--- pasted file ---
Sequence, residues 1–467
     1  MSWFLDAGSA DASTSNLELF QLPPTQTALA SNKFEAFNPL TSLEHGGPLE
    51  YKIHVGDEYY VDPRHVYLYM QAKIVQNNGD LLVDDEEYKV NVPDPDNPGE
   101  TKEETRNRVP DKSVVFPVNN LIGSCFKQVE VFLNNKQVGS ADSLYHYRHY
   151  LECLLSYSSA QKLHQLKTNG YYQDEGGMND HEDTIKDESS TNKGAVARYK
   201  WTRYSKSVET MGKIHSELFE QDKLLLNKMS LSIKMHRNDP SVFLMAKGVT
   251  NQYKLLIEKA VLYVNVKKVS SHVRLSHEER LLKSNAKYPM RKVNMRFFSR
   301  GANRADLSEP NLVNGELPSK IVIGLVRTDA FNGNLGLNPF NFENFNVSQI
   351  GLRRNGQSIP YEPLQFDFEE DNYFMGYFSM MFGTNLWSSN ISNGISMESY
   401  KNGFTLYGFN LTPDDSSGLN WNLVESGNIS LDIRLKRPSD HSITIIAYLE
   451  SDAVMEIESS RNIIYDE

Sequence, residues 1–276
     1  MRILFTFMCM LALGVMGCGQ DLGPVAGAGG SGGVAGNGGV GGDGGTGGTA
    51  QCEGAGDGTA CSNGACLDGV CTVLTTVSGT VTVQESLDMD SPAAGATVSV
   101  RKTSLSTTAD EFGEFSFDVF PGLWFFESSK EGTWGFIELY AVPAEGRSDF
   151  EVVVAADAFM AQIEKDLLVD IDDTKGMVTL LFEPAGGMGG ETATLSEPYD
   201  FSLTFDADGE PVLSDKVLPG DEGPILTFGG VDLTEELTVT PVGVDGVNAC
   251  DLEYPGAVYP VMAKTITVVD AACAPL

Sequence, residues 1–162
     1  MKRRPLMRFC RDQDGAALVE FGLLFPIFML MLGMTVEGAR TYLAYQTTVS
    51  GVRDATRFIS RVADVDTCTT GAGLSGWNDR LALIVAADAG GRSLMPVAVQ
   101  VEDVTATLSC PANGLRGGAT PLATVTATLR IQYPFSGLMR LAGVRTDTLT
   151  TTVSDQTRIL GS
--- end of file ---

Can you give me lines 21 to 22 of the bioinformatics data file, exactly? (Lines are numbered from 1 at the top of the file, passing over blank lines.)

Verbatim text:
    51  GVRDATRFIS RVADVDTCTT GAGLSGWNDR LALIVAADAG GRSLMPVAVQ
   101  VEDVTATLSC PANGLRGGAT PLATVTATLR IQYPFSGLMR LAGVRTDTLT